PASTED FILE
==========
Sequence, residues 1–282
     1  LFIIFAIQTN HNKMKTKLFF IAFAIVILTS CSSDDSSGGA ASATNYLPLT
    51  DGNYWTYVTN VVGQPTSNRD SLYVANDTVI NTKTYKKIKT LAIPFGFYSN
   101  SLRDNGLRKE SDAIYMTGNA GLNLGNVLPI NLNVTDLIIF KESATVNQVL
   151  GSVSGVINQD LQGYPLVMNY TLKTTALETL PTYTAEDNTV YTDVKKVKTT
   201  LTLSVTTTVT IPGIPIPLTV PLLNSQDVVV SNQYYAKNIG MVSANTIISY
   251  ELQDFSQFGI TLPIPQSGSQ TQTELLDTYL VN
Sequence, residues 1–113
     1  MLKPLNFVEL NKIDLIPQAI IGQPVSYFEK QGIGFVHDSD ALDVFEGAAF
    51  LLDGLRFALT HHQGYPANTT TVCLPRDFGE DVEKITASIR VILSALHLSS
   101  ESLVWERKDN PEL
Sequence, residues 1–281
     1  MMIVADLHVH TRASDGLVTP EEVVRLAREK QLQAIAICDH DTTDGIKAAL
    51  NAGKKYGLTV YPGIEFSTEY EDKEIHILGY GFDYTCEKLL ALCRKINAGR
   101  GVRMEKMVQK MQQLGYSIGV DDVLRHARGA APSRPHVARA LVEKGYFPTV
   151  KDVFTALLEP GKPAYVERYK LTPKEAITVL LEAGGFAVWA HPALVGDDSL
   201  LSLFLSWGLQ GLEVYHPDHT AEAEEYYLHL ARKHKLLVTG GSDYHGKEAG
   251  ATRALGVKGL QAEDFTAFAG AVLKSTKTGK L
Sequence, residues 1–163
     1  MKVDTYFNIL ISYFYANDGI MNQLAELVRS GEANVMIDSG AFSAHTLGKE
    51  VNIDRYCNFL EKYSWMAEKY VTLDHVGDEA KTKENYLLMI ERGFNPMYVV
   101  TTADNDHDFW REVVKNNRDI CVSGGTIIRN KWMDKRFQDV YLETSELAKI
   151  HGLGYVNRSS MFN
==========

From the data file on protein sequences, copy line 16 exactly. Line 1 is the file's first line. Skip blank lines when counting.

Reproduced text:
   151  KDVFTALLEP GKPAYVERYK LTPKEAITVL LEAGGFAVWA HPALVGDDSL